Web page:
on by Europeans at a number of locations during the Jesuit Period. None of the
Europeans who wrote about this event seem to grasp its full significance as it articulates
the most profound cosmological and religious beliefs of the Wendat and is
rooted in a notion so foreign to the Christians way of thinking: for the Wendat
the individual human has two souls living simultaneously within the body.
Sioui later goes
on to describe the Feast of the Dead in some detail and I refer you to his book
(on the bibliography being provided as a hand-out) as a starting place if you
are interested in learning more, here I will simply note that the Feast of the
Dead took place every ten to twelve years during the early spring and lasted
about 10 days, bringing together in one massive burial site the remains of “all
Wendats of a particular nation who had died of natural causes since the last
such feast... Archaeologist
As you probably are aware by now, last spring, in Little Lake Park, on land owned by the Township of Midland, Ontario, one such Ossuary burial site dating from the Contact Period was accidentally unearthed during a publicly funded building project. Later in this presentation others will be telling you more about that, and the ways in which it was so successfully managed, but before turning this over to Shelley and Fred, I would like to just take a brief moment to bring you up to date on where the Descendents of those who, not so long ago, and not far east of here, called “Home” -- are living now:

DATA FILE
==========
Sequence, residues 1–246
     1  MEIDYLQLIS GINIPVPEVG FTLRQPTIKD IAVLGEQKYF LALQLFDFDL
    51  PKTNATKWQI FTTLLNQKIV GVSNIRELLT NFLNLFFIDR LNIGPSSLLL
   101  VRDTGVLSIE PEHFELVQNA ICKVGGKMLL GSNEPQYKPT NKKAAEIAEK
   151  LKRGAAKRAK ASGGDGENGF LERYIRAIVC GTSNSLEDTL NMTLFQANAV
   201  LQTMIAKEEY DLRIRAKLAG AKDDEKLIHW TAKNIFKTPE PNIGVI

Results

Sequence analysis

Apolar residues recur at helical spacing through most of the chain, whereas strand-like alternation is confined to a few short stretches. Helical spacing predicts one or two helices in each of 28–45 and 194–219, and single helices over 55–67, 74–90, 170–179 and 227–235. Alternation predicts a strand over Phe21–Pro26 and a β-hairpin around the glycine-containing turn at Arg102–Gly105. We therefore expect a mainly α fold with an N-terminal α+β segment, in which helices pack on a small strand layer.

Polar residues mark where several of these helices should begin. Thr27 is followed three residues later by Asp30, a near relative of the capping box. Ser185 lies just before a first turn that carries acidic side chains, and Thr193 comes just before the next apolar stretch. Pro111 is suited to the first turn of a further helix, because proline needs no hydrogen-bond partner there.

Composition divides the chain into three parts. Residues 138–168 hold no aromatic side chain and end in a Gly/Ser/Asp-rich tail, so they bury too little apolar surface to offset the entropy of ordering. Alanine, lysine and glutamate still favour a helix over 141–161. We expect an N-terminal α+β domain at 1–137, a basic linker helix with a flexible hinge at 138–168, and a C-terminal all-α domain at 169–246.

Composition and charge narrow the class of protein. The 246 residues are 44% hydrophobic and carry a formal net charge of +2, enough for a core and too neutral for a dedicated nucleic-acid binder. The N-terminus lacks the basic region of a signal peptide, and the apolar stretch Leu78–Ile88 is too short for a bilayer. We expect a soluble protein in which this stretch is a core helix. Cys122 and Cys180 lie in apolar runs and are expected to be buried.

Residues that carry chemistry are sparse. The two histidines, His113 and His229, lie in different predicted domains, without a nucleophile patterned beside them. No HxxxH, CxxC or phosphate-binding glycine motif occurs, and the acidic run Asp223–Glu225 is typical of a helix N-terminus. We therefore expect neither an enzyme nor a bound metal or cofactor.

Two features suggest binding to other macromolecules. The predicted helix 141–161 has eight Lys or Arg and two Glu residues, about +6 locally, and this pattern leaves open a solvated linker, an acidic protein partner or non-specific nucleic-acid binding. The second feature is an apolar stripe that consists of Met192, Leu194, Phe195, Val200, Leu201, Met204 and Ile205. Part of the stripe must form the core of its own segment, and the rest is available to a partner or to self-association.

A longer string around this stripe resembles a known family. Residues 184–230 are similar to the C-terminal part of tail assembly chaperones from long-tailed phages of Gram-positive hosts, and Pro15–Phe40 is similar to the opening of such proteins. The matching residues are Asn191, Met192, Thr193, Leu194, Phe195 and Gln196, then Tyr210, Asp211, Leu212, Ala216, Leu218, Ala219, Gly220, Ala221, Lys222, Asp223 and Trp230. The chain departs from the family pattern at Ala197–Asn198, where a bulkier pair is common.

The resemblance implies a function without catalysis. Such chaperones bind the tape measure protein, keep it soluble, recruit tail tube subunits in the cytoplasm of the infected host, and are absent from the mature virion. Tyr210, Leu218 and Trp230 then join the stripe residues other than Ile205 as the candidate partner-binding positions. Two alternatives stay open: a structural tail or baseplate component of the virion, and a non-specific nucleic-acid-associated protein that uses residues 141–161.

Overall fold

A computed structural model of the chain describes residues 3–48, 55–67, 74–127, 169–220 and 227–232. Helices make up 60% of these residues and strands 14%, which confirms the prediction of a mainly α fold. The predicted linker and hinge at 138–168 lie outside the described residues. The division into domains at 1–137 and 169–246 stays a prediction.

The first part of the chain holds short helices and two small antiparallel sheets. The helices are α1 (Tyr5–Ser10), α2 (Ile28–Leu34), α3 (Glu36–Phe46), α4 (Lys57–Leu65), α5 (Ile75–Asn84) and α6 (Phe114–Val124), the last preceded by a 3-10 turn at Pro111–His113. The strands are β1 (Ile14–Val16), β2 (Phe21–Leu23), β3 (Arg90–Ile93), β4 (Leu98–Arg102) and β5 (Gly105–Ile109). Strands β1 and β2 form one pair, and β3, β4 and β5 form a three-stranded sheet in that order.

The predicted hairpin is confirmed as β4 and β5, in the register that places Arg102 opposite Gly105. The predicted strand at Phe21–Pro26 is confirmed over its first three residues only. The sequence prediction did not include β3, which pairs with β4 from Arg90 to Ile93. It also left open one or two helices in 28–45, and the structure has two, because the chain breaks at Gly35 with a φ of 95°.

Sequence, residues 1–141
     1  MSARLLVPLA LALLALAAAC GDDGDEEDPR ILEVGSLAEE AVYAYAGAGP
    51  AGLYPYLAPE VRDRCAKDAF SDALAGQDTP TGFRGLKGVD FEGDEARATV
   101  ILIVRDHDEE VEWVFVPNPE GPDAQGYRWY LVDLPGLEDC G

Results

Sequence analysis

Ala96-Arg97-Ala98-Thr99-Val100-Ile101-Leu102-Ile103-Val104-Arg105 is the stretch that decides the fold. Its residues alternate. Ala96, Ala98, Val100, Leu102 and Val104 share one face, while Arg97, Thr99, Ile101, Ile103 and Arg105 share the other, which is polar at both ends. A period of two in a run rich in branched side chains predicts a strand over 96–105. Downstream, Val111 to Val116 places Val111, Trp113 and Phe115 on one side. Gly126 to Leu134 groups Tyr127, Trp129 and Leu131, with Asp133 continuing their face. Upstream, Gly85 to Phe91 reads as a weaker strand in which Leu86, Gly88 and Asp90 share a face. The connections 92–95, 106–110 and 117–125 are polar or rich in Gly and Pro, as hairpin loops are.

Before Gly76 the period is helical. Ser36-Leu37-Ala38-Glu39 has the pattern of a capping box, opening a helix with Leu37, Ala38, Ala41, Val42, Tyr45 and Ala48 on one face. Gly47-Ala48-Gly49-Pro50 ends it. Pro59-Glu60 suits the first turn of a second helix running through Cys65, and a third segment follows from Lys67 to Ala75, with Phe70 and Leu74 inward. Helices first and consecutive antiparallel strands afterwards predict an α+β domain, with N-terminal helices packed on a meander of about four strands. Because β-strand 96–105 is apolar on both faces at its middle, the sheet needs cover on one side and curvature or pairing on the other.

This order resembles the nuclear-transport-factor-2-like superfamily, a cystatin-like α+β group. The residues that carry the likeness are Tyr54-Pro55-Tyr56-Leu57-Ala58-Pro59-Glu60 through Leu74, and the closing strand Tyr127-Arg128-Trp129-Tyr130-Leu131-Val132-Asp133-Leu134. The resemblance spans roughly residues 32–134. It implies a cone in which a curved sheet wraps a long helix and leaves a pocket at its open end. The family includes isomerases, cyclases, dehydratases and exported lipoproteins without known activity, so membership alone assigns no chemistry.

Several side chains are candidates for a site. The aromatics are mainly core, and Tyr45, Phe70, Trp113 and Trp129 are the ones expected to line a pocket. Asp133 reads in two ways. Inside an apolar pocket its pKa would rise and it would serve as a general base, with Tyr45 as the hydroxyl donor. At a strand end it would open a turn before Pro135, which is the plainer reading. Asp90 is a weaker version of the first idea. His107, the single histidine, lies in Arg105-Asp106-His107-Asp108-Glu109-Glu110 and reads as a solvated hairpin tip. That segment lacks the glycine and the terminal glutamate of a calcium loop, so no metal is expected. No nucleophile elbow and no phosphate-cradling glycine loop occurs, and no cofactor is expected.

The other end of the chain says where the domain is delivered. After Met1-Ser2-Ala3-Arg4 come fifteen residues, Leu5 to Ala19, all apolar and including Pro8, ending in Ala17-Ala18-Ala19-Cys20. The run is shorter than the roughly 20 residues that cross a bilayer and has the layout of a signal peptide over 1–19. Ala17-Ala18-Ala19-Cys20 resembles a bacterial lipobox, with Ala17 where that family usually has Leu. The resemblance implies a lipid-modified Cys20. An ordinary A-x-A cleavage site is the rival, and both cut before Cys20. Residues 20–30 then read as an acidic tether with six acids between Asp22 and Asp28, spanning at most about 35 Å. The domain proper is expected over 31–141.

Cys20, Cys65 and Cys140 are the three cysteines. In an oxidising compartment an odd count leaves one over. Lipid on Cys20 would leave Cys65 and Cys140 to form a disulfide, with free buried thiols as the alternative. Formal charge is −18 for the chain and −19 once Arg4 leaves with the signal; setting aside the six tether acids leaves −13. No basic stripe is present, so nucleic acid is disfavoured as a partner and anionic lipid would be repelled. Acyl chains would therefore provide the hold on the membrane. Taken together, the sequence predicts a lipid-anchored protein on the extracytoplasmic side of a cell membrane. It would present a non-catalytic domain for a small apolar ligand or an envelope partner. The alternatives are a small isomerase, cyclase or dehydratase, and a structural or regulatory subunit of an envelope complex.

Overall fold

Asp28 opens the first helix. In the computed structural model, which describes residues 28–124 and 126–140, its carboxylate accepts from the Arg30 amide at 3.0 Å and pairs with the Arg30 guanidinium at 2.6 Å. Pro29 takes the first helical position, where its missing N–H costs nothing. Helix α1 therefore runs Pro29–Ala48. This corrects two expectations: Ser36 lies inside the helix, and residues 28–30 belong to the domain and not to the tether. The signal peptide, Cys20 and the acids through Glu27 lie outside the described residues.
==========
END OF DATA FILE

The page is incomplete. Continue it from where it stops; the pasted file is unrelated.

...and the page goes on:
And you will be happy to know that in 1999 a number of important events took place in the history of the collective Wendat People, including the fact that the Chiefs of all four of these groups got together and reestablished their Confederacy:
And then, we
come to be here with you today, at
However, it is
somewhat east of here, at Craigleith, that perhaps the more significant
involvement of Wendats in
One of the
essays on the official Website of the Wyandot Nation of Kansas, written by
“On the night of
So it was here,
in our host
Thank you for your kind attention.
29 April 2004
THE FOXFILES © 1996-2004, Rebekah Tanner